Generating Healthy Brains

Coinciding with the publication of the Changing Diets, Changing Minds report, the McCarrison Society joined forces with the Institute of Brain Chemistry and Human Nutrition and the International Society for Prenatal and Perinatal Psychology and Medicine (ISPPM) to stage this fascinating conference.

The conference was opened by its president, Dr Ludwig Janus of the ISPPM who pointed out that there was now good scientific evidence that an infant’s need for emotional and physical closeness with its mother was as great as its need for nutrition.

Pre-conceptual Nutrition
Dr Janus was followed by Simon House MA whose presentation included the most lyrical pictures of the foetus developing in the womb. The burden of his paper was that the nutritional health of both parents before conception was of far more importance than the nutritional health of the mother during pregnancy. (He quoted the Dutch war-time famine experience when the peak numbers of malformed babies coincided with those conceived just after the famine.)
However, since the developing foetus needs more food than the mother can take during pregnancy, she needs food and nutrient stores for her baby to feed on. Deficits in nutrients (especially folic acid, zinc and vitamin B12) can prevent the neural tube from sealing properly which may not only cause spina bifida and cleft palate but also may affect the brain’s ability to transmit signals properly.
Stress later in pregnancy increases the risk of premature births while the emotional effects of forceps delivery and early separation from the mother correlates with a four times greater risk of the child being criminally violent at the age of 18.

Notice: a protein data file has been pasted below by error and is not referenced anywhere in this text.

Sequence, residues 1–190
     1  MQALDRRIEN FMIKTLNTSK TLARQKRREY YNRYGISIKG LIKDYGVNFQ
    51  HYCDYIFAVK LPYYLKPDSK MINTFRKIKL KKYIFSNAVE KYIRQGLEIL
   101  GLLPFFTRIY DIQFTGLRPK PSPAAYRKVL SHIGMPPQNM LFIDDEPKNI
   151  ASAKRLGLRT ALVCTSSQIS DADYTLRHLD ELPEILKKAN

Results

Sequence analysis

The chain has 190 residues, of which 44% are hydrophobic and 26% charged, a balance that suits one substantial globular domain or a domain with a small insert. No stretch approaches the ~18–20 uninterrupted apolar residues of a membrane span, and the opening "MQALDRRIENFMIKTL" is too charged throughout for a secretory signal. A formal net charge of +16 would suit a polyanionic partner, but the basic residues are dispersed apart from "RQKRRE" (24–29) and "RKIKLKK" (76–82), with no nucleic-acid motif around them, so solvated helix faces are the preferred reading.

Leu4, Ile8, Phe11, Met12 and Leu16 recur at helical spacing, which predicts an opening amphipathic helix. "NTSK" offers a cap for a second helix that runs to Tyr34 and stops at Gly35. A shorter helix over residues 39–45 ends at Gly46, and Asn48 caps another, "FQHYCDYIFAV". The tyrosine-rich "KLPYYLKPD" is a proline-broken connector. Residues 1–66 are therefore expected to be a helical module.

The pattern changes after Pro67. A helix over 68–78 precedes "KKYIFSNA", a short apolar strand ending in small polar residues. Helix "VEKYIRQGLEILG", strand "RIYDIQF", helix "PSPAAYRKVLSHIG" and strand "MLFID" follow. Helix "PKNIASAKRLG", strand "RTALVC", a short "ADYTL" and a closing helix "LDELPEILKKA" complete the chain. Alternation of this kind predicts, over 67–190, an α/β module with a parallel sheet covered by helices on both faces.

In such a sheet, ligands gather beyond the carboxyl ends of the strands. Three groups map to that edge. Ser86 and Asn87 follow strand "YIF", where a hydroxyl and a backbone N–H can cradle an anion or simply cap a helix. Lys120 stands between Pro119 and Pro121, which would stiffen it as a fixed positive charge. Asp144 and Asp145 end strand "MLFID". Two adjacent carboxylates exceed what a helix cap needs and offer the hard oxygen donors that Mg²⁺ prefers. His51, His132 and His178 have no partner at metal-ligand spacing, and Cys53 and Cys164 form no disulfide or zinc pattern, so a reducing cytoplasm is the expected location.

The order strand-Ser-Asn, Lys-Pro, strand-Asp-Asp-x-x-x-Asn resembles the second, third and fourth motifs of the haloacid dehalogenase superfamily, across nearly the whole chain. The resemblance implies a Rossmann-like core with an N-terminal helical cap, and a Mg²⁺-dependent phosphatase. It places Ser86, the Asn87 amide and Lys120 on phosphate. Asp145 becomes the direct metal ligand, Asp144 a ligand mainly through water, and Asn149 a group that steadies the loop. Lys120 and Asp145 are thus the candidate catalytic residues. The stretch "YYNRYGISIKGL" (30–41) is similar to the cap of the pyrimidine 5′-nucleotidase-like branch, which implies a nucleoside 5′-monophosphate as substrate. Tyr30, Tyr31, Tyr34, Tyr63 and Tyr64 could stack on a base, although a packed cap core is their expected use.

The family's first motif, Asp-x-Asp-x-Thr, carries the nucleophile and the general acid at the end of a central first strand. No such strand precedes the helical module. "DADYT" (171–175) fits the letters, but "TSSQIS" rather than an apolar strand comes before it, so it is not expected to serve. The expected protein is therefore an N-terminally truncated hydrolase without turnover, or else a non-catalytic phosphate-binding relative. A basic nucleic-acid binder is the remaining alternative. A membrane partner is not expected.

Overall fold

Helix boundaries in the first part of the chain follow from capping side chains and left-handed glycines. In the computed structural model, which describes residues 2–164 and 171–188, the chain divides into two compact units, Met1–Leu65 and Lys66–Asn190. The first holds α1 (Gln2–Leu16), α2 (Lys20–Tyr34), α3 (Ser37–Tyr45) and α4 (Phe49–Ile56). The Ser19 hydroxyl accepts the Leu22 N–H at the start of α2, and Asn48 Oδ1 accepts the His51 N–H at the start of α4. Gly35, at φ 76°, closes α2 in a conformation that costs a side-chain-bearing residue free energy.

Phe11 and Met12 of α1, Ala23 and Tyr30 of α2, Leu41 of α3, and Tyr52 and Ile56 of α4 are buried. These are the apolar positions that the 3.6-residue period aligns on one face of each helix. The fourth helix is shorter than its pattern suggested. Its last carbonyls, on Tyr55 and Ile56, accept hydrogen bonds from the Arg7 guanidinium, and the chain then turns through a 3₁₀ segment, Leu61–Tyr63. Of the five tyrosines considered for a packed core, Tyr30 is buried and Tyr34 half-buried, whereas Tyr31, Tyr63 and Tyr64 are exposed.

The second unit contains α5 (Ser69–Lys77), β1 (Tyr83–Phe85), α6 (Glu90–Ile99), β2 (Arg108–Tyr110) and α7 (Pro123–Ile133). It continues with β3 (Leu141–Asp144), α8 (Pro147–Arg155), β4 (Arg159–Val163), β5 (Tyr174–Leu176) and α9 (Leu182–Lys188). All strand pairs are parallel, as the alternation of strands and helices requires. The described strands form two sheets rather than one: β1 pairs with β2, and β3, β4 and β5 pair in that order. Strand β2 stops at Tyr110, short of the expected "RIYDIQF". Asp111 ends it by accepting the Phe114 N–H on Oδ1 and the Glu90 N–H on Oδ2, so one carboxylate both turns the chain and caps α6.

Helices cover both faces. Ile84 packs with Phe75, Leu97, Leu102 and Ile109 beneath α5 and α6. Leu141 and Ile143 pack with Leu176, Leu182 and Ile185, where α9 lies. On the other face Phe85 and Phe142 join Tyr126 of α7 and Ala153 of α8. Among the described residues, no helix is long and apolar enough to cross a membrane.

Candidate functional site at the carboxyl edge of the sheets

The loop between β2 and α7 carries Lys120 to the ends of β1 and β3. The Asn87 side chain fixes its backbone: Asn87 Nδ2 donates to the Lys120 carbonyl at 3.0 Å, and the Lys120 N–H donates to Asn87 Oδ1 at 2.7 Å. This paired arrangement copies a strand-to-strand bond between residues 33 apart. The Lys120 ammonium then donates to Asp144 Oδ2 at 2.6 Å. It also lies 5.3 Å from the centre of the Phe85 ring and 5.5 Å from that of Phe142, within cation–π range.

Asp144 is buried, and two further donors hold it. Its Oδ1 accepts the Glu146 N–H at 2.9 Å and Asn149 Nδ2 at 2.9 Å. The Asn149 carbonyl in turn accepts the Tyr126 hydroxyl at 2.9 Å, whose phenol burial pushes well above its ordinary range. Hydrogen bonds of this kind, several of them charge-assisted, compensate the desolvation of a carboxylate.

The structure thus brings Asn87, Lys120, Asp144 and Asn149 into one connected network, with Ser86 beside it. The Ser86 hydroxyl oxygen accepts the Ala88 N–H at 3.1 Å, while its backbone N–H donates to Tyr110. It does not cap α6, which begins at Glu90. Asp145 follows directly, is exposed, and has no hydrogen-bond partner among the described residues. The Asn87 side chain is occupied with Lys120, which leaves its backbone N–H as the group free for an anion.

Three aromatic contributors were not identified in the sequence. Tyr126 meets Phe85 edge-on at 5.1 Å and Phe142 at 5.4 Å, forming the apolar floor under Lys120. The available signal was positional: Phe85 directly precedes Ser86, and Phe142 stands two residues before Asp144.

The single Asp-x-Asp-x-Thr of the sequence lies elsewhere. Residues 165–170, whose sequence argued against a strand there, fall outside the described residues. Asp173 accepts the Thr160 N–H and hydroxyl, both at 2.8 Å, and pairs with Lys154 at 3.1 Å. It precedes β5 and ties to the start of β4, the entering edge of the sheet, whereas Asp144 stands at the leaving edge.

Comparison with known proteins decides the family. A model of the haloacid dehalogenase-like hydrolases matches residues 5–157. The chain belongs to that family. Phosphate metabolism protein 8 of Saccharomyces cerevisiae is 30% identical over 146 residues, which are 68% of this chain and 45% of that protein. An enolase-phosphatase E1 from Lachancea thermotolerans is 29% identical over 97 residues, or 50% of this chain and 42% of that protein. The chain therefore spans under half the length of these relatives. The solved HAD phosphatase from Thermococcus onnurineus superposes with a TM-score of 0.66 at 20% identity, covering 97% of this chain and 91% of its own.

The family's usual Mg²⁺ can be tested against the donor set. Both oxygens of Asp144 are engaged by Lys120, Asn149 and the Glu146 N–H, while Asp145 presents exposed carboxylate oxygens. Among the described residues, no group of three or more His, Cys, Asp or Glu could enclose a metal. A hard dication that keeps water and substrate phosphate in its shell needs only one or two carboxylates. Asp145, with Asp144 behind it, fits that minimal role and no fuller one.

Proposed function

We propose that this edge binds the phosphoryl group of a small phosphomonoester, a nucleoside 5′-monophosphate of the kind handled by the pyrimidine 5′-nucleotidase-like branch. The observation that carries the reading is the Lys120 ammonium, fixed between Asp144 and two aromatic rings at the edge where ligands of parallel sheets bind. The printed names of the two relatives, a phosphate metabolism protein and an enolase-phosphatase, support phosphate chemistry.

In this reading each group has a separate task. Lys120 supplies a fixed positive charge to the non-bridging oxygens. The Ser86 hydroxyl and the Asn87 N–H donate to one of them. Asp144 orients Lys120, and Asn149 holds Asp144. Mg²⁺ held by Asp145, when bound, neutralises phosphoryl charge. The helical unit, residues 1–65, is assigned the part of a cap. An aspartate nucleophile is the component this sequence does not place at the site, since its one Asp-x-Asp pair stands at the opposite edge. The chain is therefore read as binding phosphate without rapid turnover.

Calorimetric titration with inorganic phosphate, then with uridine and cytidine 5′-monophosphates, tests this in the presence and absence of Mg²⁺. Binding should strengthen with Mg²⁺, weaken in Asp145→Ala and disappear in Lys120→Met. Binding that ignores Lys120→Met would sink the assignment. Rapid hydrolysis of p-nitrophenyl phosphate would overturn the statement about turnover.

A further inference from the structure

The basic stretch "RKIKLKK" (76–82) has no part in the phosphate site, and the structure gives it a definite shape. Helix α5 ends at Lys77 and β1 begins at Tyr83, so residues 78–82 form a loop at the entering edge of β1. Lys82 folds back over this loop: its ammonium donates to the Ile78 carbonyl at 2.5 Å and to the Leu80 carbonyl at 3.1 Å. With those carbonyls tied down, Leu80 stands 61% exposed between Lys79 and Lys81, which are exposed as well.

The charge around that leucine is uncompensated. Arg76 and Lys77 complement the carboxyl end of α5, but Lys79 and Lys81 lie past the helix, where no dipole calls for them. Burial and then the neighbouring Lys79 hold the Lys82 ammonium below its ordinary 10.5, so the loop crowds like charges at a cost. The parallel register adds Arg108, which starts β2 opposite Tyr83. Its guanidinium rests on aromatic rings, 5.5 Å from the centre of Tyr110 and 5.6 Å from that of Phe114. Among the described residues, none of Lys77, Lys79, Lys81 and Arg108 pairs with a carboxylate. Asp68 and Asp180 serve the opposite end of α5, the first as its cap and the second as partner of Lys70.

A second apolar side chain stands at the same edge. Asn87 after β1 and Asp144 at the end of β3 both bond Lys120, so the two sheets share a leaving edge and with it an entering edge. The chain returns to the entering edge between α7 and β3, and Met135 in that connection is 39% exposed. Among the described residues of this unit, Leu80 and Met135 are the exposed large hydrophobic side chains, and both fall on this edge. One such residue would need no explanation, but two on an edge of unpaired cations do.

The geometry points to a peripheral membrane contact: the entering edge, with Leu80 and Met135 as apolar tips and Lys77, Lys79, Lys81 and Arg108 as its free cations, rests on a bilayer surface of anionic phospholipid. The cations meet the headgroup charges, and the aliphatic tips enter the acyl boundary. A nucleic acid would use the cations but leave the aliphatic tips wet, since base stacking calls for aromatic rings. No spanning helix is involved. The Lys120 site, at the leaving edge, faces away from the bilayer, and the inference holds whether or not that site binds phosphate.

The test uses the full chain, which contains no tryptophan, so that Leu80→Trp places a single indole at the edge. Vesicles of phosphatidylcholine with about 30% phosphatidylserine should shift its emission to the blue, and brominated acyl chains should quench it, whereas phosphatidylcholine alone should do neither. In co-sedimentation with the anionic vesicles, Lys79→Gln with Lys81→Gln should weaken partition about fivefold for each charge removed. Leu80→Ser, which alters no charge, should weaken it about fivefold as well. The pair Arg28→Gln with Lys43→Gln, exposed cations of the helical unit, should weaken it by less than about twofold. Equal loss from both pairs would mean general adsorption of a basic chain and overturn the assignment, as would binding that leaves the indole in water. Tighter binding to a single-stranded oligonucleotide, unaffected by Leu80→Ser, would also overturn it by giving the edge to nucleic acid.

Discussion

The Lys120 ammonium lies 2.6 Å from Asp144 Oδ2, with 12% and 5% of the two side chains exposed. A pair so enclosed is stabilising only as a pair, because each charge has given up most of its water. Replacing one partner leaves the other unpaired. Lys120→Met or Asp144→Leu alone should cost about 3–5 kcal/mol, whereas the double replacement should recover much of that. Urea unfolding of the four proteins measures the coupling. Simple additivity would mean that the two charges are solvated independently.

David Marsh from the McCarrison Society, explained, for the less scientific conferees, the meaning of epigenesis - the ability of environmental influences to act upon a genetic mechanism and change its expression.
Although, in the 19th century, environmental influences were believed to be important in genetic development, for the last 100 years it was thought that proteins from the nucleus built cells regardless of environmental influences. It is now coming to be accepted again that environmental pressures (nutritional, chemical etc) are able to ‘throw genetic switches’.

Omega 3 v. Omega 6
The Cleave Lecture was given by Dr Joseph Hibbeln of the US National Institute on Alcoholism and Alcohol Abuse, who looked at the effects of omega 3 and 6 fats on brain function.

Both the Seychelles study and data from the huge ALSPAC study in Bristol (40,000 children have been followed since conception) make robust connections between low levels of seafoods (omega 3 fatty acids) and motor control, IQ score and behavioural problems (which are likely to continue into later life).

Animal studies with supplemented DHA (derived from omega 3 fatty acids) show improvement in serotonin levels and better brain function.

Many of our current chronic physical disease states (such as coronary heart disease) are inflammatory conditions. Omega 3 fatty acids are anti-inflammatory whereas omega 6 fatty acids (derived mainly from seed oils, usually soya which was rarely a food source in the west until the last hundred years) are pro-inflammatory.
US consumption of soya has gone from 0.01 kilos per person per annum in 1909 to 20% of all calories consumed in 1999. 10% of those calories came from pro-inflammatory omega 6 fatty acids.
During that period the incidence of depression has increased from 0.001% in 1955 to 1% in 1985 - yet there is robust evidence to show that a 50% reduction in depression rates, and a 30% reduction in violence among violent alcoholics can be achieved with omega 3 supplementation.